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Re: [xmca] Wolves and Ilyenkov
I think you are misinterpreting Ilyenkov by focusing on this one sentence
and reading it in a particular way. What he seems to me to be saying is that
there are certain rules and processes (i.e. a logic) that need to be
followed to arrive at an adequate representation of the objective world and
that this logic is not dependent on the will or consciousness of humans i.e.
is objective not subjective.
Ilyenkov clearly differentiates himself from the idea that this logic is
simply a product of the self-movement of abstract thought independent of
human consciousness when, over the page, he states:
"From what we have said it will be clear that we understand thought
(thinking) as the ideal component of the real activity of social people
transforming both external nature and themselves by their labour.
"Dialectical logic is therefore *not only* a universal scheme of subjective
activity creatively transforming nature, but is also at the same time a
universal scheme of the changing of any natural or socio-historical material
in which this activity is fulfilled and with the objective requirements of
which it is always connected." (My emphasis)
Our ‘object,’ that is, our ‘subject matter’, is thought. Dialectical logic
aims to scientifically represent thought in its necessary concrete,
developmental, objective existences, including those aspects of these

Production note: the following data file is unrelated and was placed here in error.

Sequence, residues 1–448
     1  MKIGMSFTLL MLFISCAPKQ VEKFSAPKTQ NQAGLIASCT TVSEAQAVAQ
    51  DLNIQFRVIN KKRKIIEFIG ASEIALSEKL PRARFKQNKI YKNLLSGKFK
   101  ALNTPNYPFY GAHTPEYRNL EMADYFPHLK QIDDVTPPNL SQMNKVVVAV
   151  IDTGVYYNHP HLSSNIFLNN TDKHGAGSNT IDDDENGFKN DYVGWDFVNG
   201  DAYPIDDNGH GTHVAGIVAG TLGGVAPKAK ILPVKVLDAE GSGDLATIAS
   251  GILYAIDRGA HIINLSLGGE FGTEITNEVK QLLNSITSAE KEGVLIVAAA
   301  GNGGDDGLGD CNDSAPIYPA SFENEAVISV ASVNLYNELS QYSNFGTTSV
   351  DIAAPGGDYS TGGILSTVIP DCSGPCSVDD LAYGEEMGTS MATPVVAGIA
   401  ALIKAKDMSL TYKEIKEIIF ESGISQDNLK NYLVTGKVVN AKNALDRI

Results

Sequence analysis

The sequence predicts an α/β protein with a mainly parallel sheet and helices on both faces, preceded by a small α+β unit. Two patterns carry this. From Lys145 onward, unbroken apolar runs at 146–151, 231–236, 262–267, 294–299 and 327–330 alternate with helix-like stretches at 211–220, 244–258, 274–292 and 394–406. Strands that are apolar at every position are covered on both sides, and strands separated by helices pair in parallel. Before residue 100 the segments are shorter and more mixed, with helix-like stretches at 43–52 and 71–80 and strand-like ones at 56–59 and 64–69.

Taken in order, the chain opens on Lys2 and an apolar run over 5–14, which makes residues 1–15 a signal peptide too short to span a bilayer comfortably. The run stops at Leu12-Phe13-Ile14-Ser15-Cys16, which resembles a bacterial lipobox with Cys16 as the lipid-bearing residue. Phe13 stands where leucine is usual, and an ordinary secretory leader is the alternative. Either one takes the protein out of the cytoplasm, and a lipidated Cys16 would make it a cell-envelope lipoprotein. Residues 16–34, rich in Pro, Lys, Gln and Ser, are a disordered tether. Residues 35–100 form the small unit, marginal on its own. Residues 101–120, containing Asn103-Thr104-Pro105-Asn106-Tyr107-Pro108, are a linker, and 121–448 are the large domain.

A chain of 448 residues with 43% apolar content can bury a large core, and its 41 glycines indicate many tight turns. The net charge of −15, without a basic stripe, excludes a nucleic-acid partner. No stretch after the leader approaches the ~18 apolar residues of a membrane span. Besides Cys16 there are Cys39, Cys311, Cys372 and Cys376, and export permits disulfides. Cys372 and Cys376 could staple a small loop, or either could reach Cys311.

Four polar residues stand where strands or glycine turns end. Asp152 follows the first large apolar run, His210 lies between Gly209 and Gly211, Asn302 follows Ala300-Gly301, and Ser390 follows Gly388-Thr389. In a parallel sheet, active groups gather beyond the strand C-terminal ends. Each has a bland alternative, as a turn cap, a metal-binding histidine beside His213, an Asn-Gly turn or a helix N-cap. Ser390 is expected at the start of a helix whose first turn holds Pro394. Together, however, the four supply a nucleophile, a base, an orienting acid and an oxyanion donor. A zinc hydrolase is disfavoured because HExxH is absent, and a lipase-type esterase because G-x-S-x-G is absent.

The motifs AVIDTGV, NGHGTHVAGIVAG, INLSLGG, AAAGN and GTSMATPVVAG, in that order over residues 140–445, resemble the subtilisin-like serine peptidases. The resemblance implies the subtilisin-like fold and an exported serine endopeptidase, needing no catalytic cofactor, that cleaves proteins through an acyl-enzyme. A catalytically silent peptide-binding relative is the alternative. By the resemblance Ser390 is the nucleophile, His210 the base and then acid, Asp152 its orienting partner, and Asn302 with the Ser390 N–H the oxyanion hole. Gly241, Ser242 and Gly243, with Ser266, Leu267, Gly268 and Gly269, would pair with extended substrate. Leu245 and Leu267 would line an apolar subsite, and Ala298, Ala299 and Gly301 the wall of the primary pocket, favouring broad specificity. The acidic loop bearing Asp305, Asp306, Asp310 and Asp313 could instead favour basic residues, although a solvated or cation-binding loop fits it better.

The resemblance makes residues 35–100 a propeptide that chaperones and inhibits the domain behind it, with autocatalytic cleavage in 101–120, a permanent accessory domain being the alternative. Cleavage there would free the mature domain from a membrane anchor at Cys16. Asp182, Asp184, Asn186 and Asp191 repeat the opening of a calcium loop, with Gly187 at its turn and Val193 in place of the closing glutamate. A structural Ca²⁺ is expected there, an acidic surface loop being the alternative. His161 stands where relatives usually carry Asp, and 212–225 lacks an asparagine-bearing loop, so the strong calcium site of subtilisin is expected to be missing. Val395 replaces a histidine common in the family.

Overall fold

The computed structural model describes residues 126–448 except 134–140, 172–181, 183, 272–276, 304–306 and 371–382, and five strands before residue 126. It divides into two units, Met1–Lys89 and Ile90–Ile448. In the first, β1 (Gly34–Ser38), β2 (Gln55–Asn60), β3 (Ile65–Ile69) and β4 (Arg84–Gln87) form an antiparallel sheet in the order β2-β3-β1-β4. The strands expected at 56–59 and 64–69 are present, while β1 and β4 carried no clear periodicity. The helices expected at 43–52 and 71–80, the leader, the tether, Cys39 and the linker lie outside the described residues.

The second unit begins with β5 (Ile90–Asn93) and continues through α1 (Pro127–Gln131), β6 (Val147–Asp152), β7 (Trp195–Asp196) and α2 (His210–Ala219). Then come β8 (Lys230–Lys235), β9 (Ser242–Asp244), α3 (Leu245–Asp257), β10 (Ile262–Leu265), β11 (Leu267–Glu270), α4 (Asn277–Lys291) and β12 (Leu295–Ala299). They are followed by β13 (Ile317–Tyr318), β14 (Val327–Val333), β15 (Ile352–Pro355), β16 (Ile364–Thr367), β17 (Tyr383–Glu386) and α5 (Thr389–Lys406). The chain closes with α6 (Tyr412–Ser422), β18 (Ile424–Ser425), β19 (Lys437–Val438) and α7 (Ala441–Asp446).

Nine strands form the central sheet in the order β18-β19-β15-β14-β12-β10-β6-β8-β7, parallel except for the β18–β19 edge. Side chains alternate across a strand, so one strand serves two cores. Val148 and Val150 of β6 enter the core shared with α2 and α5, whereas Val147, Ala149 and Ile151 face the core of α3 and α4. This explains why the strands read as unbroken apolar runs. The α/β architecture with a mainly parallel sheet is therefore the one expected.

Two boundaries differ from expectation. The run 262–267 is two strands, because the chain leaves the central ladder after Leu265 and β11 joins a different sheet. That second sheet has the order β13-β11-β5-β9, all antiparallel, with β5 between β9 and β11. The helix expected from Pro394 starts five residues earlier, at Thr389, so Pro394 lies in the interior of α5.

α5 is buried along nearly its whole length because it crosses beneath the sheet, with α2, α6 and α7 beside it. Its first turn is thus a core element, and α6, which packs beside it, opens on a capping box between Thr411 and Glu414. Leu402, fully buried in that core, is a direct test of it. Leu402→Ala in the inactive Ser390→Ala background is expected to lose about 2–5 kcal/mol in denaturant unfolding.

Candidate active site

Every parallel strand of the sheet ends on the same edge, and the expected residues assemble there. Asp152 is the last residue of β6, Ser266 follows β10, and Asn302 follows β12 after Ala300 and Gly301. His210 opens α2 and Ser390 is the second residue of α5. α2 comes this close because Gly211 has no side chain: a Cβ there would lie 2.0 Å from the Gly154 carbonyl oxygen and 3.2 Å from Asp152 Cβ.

existences that are objectively independent of will and consciousness.
evi: Our ‘object’ or ‘subject matter’ in general, and on the whole, is
thought, thinking; and dialectical Logic has as its aim the development of a
scientific representation of thought in those necessary moments, and
moreover in the necessary sequence, that do not in the least depend either
on our will or on our consciousness.
dk: Hmmm. You, sg, say that the goal of dialectical logic is to represent
thought as an objective fact, including its aspects that are involuntary and
unconscious. That is excellent and good, and I think it actually includes a
lot of what Haydi and Mike have been batting back and forth about the mental
life of animals. The problem is that YOU, evi, don't seem to be saying that
at all. Ilyenkov seems to be saying that our goal is the representation of
thinking (a process, and not, as he says later, a kind of mental organ). We
have to represent this process as an objective process. We do that by
representing it as a set of determined, definite steps and stages, like any
other objective process. We do that by representing it as determined,
definite, defined steps and stages WHICH ARE INDEPENDENT OF HUMAN WILL AND
CONSCIOUSNESS. For me, that is, dk, that is a step too far. That brings us
right back to the entirely pre-scientific era of philosophy.
Why would dialectical logic want a representation of thinking that is
independent of human will or human consciousness? That's the task of
religion, of metaphysics, and of teenage vampire literature.
Seoul National University of Education
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